Australian scientists are declaring the Bramble Cay melomys extinct, citing human-caused climate change as a major factor.
The Bramble Cay melomys was only found in a small region in the northeast Torres Straight, Queensland. In 2008, it was listed as critically endangered on the International Union for Conservation of Nature’s (IUCN) Red List.
Now, after an extensive survey on the small island, scientists were unable to find any trace of the animal at all.
“A thorough survey effort involving 900 small animal trap-nights, 60 camera trap-nights and two hours of active daytime searches produced no records of the species, confirming that the only known population of this rodent is now extinct,” Luke Leung of the University of Queensland and author of the study said.
“Available information about sea-level rise and the increased frequency and intensity of weather events producing extreme high water levels and damaging storm surges in the Torres Strait region over this period point to human-induced climate change being the root cause of the loss of the Bramble Cay melomys.”
The last sighting of the rodent is believed to have been in late 2009.
The scientists add, however, that a population may exist on the Fly River delta of Papua New Guinea.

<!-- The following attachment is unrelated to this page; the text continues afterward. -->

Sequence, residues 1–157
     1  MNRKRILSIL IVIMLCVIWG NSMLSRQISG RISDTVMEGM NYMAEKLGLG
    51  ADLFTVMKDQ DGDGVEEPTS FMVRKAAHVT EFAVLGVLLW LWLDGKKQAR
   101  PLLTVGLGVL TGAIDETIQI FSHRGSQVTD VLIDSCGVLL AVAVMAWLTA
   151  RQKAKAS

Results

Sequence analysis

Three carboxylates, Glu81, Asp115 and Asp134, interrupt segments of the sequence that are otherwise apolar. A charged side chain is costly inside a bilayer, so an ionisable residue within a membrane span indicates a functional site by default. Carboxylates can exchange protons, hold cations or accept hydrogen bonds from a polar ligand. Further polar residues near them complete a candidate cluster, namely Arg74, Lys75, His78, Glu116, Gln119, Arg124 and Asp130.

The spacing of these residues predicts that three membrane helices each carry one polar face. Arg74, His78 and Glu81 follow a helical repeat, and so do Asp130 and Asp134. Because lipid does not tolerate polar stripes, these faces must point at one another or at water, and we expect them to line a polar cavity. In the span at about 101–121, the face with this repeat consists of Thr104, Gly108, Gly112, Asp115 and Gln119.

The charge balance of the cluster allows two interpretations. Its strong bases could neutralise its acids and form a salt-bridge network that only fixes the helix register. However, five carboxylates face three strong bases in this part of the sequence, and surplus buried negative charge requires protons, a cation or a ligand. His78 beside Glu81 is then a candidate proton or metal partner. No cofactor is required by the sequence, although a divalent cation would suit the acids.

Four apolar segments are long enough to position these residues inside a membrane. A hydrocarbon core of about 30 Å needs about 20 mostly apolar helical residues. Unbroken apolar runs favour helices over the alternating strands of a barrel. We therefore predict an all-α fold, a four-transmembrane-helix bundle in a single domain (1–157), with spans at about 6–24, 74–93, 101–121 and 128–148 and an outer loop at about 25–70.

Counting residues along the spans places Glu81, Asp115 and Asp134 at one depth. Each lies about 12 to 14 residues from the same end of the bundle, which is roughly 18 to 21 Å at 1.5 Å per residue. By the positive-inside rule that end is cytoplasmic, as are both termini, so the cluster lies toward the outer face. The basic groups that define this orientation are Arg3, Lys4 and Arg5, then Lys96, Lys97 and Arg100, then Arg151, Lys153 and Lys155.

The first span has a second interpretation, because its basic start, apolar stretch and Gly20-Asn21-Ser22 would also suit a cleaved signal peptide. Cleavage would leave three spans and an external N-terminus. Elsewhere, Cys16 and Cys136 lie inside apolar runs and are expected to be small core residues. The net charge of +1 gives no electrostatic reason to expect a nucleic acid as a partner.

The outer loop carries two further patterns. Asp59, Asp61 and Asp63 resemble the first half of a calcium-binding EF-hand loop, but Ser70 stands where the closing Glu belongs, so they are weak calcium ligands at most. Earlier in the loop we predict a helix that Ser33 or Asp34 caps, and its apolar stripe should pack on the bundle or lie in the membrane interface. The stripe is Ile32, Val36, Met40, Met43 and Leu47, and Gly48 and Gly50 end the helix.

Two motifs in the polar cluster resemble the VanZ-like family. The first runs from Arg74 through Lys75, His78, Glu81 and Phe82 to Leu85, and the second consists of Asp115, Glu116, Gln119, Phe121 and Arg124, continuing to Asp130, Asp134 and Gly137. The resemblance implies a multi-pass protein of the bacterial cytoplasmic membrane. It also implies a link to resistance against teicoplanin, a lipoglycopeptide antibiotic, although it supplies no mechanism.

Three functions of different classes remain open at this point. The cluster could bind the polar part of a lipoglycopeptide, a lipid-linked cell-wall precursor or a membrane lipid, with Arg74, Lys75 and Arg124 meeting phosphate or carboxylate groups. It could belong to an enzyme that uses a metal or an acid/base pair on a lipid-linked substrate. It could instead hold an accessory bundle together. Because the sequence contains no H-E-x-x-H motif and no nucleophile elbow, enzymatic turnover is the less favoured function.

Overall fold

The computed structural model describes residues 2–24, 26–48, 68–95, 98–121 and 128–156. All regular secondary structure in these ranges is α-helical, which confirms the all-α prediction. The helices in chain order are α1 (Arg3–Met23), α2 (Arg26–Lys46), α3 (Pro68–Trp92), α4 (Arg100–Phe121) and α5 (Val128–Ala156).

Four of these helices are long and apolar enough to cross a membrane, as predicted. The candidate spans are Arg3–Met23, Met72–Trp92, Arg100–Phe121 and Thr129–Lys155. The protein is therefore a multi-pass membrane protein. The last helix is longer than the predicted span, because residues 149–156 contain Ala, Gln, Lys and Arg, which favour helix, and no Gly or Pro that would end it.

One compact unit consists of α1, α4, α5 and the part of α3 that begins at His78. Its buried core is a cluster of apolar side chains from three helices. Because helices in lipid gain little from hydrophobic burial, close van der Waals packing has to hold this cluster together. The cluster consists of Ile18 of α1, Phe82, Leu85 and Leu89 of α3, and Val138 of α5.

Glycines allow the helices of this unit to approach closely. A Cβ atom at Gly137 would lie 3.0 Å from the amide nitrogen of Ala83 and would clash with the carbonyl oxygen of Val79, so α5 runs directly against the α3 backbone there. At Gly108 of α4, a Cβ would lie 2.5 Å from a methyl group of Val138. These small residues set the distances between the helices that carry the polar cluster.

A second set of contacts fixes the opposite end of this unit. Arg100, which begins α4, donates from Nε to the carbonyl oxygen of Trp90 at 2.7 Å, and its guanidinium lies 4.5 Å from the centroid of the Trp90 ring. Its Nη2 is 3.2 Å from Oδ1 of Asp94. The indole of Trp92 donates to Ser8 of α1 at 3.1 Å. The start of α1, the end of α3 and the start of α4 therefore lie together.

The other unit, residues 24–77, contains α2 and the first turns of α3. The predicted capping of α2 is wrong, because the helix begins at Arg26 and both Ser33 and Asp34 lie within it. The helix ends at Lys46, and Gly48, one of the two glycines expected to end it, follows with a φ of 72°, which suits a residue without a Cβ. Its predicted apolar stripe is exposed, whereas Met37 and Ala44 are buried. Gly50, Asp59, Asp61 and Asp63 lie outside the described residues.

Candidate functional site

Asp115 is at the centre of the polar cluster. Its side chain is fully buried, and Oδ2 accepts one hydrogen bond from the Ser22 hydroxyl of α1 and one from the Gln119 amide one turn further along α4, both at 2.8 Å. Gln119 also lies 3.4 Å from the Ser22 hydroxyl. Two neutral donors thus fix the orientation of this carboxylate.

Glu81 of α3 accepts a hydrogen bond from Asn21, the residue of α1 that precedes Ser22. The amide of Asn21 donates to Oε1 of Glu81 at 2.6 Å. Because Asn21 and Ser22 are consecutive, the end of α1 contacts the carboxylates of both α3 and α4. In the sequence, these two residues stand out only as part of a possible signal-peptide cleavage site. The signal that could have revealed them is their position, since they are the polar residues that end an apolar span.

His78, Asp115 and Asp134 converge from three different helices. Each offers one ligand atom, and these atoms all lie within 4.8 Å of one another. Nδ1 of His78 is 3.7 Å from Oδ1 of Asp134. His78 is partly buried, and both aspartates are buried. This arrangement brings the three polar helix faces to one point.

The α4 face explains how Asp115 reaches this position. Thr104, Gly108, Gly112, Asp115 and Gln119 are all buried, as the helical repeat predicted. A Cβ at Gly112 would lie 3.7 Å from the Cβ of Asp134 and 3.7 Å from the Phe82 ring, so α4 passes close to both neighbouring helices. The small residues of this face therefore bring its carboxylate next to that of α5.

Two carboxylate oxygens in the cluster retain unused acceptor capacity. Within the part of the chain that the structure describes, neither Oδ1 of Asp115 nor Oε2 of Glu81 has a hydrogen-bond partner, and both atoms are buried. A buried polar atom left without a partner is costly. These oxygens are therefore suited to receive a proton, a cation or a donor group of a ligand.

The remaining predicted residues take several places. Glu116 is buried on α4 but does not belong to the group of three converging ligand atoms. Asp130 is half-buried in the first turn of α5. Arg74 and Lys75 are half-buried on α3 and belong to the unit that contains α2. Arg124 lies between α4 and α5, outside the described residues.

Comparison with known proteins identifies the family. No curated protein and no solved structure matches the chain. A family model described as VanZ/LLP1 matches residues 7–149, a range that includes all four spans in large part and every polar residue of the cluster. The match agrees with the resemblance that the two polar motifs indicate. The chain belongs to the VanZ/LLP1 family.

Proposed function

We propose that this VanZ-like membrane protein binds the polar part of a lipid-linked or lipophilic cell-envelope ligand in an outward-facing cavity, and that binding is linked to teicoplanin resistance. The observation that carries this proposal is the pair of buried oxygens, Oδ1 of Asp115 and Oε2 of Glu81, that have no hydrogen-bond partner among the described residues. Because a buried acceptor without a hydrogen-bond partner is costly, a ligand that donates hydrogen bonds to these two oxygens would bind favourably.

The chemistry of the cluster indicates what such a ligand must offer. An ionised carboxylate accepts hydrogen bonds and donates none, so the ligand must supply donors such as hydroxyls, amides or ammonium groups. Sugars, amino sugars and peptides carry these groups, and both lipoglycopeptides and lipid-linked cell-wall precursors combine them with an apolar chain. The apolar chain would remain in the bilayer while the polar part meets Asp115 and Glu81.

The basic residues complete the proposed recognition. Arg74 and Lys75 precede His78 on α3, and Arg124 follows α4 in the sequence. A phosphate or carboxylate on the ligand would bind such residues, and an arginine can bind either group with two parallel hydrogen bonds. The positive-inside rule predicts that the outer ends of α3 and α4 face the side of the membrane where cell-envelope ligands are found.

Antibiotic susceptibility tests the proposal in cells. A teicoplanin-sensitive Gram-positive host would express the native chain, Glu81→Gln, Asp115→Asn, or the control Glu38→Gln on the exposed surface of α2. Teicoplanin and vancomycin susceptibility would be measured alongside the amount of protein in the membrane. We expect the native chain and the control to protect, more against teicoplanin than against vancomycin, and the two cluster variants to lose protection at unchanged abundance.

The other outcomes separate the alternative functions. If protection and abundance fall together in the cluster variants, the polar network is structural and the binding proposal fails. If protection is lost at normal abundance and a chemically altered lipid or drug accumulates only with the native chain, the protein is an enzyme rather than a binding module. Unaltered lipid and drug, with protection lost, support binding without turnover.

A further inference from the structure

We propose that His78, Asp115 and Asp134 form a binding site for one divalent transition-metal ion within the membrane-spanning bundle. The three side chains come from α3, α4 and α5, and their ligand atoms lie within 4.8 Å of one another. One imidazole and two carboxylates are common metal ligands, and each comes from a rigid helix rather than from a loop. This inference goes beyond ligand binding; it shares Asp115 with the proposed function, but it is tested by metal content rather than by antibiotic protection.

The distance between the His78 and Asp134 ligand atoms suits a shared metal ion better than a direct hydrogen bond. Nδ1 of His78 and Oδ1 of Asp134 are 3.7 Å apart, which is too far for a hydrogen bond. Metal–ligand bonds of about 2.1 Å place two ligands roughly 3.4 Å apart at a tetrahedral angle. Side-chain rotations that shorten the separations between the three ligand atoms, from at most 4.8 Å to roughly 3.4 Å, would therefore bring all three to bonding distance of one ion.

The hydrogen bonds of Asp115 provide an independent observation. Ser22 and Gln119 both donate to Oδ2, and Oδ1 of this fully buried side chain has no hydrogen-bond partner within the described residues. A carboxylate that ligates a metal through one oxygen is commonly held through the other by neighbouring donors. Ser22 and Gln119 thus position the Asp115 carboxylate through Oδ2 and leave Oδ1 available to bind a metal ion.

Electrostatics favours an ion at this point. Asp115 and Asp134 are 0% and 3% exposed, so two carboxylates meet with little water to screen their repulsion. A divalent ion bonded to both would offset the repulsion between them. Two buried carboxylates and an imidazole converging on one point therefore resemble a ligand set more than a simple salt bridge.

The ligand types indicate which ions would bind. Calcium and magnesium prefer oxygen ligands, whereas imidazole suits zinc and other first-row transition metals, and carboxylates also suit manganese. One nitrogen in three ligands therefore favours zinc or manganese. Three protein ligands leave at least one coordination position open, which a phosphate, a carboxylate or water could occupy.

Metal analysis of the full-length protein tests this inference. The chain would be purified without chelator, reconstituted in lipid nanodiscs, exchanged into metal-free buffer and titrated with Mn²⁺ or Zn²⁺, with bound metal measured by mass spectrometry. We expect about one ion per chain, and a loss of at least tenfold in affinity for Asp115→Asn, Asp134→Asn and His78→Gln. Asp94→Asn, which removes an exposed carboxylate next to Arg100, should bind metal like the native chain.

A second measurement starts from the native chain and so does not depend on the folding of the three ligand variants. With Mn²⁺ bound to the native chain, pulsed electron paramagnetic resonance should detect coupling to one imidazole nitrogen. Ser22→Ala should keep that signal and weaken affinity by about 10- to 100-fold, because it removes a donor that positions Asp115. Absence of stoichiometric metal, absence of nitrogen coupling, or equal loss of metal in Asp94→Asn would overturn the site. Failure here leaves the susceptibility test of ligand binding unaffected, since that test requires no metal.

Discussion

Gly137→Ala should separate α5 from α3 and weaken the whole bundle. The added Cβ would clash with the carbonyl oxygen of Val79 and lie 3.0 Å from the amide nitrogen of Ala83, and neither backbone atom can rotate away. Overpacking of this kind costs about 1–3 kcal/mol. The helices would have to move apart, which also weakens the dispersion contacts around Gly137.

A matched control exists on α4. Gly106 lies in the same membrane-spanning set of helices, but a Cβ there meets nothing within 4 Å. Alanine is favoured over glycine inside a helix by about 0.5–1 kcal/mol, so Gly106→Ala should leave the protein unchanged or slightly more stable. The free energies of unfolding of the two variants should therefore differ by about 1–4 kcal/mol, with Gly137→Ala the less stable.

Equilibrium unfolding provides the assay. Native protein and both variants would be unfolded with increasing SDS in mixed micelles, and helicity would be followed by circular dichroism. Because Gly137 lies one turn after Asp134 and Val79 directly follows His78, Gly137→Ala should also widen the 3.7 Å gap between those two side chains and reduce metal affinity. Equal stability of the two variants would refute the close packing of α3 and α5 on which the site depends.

“Consequently, at this stage, it may be premature to declare the Bramble Cay melomys extinct on a global scale.”
Included in the list of recommendations, the study suggests that the IUCN change the state of the Bramble Cay melomys from “critically endangered” to “possibly extinct.”
“The key factor responsible for the extirpation of this population was almost certainly ocean inundation of the low-lying cay, very likely on multiple occasions, during the last decade, causing dramatic habitat loss and perhaps also direct mortality of individuals,” the study concluded.
In March 2014, efforts to find the Bramble Cay melomys were unsuccessful. The researchers once again visited the site from Aug. 29 to Sept. 5 that year. They had hoped to find some of the rodents and conserve them. However, their traps, cameras and daytime searches were once again unsuccessful.
In 1999, the golden tree frog was thought to have gone extinct due to climate change. However, that claim was called into question, as there was limited climate data for that region of the Amazon rainforest.
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